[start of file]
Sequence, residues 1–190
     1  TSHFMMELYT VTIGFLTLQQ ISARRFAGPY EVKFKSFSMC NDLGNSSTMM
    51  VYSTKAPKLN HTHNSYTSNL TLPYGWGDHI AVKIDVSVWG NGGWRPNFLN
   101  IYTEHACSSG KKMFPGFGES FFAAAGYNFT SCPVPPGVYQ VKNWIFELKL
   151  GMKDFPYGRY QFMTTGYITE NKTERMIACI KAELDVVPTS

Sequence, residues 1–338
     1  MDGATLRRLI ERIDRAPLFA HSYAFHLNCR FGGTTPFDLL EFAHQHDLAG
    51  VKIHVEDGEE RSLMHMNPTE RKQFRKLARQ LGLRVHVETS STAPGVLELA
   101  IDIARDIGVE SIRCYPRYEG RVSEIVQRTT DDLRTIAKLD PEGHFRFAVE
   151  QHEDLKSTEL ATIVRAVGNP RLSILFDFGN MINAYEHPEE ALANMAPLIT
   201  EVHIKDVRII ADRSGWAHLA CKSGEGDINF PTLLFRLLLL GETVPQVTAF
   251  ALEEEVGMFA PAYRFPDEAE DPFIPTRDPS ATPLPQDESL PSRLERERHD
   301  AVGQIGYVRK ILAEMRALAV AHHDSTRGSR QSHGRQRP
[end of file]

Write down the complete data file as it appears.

Sequence, residues 1–190
     1  TSHFMMELYT VTIGFLTLQQ ISARRFAGPY EVKFKSFSMC NDLGNSSTMM
    51  VYSTKAPKLN HTHNSYTSNL TLPYGWGDHI AVKIDVSVWG NGGWRPNFLN
   101  IYTEHACSSG KKMFPGFGES FFAAAGYNFT SCPVPPGVYQ VKNWIFELKL
   151  GMKDFPYGRY QFMTTGYITE NKTERMIACI KAELDVVPTS

Sequence, residues 1–338
     1  MDGATLRRLI ERIDRAPLFA HSYAFHLNCR FGGTTPFDLL EFAHQHDLAG
    51  VKIHVEDGEE RSLMHMNPTE RKQFRKLARQ LGLRVHVETS STAPGVLELA
   101  IDIARDIGVE SIRCYPRYEG RVSEIVQRTT DDLRTIAKLD PEGHFRFAVE
   151  QHEDLKSTEL ATIVRAVGNP RLSILFDFGN MINAYEHPEE ALANMAPLIT
   201  EVHIKDVRII ADRSGWAHLA CKSGEGDINF PTLLFRLLLL GETVPQVTAF
   251  ALEEEVGMFA PAYRFPDEAE DPFIPTRDPS ATPLPQDESL PSRLERERHD
   301  AVGQIGYVRK ILAEMRALAV AHHDSTRGSR QSHGRQRP